social

It’s hard to believe, but just a few years ago, fewer than half of online adults were regular users of social media. Today, more than nine in 10 online adults (91 percent) say they access social media at least once a month and among young adults, social media use is virtually universal, with 99 percent of 18- to 24-year-olds using social media. Even older adults have joined in, with nearly three quarters (74 percent) of online adults age 65 and older accessing social media at least once a month, up from just 22 percent in 2008.

Display advertising and search

Key findings

• Retail advertisers, despite an overall decline, continue to represent the largest category of Internet ad spending. However, automotive had the bigger year-over-year increase. • Marketers need good audience data, accurate and actionable segmentation, scalability and high-quality creative development in order to lay the groundwork for success in their online advertising campaigns.• Marketers must go into display advertising campaigns feeling comfortable about a longer timeline required to allow traction and drive the desired results. • This is the fourth year that Facebook has been the top search term overall, accounting for 4.13 percent of all searches, a 33 percent increase from 2011.• The search terms “yahoo” and “ebay” have appeared among the top 10 since the ranking was started in 2006.• Five Websites captured 20 percent of all search activity in Q4 2012, while the top 500 captured nearly 50 percent.• Navigational searches dominate the top search results as users continue to visit their favourite sites via search engines instead of directly entering a Web address into their browser’s URL bar.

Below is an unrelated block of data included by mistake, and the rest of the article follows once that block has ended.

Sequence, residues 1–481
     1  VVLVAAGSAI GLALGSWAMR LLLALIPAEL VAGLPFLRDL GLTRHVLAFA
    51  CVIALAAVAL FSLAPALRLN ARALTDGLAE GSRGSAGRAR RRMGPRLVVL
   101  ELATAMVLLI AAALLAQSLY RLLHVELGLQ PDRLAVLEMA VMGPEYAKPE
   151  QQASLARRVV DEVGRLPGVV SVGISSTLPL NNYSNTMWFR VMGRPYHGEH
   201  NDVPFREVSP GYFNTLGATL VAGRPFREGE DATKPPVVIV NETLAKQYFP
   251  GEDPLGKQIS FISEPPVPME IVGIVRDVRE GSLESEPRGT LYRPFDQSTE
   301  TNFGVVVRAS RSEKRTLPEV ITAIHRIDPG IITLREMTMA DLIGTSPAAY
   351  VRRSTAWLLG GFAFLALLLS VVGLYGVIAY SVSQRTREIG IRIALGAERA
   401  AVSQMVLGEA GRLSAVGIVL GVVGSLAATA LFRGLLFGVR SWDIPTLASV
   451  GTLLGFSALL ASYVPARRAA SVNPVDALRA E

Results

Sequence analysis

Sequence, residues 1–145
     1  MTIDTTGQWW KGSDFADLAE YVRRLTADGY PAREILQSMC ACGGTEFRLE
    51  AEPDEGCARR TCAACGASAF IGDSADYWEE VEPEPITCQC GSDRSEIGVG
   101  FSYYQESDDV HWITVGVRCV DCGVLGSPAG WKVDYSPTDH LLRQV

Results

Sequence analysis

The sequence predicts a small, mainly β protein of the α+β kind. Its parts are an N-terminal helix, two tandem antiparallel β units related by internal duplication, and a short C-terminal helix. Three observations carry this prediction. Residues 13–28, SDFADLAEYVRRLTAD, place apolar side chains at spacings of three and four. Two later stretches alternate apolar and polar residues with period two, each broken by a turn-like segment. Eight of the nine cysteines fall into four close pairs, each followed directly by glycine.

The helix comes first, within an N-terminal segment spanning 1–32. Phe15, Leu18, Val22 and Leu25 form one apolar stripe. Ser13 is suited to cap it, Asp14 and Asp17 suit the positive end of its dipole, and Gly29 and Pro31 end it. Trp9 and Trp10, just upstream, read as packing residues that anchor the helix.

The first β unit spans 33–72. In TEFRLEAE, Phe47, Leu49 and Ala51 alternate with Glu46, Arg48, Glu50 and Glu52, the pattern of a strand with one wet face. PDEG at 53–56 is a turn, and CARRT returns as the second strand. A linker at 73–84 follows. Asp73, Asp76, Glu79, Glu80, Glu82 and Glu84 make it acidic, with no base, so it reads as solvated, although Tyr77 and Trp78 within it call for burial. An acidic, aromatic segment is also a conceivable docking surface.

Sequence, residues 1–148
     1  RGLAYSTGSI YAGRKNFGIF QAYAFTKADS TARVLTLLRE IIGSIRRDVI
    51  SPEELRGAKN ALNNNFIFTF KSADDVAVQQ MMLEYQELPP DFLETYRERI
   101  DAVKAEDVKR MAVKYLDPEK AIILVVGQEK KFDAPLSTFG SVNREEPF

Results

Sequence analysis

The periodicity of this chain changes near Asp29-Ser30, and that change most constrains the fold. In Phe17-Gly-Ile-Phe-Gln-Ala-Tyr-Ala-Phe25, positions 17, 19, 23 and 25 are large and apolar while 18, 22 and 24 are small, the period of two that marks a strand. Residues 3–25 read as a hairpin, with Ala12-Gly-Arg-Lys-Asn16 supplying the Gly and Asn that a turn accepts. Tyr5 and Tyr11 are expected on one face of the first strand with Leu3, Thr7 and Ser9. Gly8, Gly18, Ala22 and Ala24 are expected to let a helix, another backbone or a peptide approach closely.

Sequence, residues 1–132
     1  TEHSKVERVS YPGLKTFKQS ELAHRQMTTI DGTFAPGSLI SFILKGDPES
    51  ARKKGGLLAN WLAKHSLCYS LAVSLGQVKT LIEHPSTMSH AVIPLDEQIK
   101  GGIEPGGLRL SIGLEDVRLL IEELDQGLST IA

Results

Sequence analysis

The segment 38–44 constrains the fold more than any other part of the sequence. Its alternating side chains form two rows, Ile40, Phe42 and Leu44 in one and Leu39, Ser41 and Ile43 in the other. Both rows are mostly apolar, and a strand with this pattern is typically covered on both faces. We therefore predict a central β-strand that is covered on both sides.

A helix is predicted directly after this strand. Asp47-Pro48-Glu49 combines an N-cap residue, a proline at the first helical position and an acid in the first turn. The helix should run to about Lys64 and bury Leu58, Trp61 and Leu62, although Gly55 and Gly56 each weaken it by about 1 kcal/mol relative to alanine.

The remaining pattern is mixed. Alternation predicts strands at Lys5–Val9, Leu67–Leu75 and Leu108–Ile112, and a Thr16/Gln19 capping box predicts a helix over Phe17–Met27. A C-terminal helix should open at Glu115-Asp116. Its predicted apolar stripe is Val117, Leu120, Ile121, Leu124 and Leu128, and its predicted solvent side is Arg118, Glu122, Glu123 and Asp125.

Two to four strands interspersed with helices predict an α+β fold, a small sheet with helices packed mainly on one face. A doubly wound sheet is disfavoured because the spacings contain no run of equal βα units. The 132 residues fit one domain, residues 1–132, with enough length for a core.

display

Internet advertising revenues reached $17 billion in the first half of 2012

According to a recent Interactive Advertising Bureau (IAB) report, U.S. Internet advertising revenues totalled $8.7 billion in the second quarter of 2012, an increase of 5 percent from the 2012 first-quarter total of $8.3 billion and an increase of 14 percent from the 2011 second-quarter total of $7.7 billion. Year-to-date revenues through June 2012 totalled $17 billion, up 14 percent from the $14.9 billion reported in 2011.

Applying historical seasonal data, the first six months of 2012’s revenues of $17 billion were on an annual run-rate to make 2012 the highest year, exceeding the $31.7 billion in 2011, the previous highest annual total.3

Conclusion

As we’ve discussed in this report, the explosion of communication channels available to consumers and marketers, along with the data collected across these myriad channels, has created a very exciting, albeit challenging, marketing environment. It is no longer enough to utilize multiple channels, now marketers must unite their messages across those touch-points to create relevant experiences regardless of the customer’s channel or device preferences.

Every vertical segment faces the challenge of meeting the demands of the well-informed consumer, which also leads to the inevitable outcome of commoditization. The most effective antidote to this trend of steep discounting and consumer price myopia is to differentiate your business by providing excellent service and one-to-one connections — in other words, be customer obsessed.

To today’s consumer, life is the ultimate channel. They envision the summer party they’ll throw after they get a new grill, not the channels they’ll use on their path to purchasing it. If a brand doesn’t provide a seamless experience, the customer is likely to change brands or stores rather than change their mind about the grill.

If you want a marketing strategy that is effective in 2013 and beyond contact us to discuss your requirements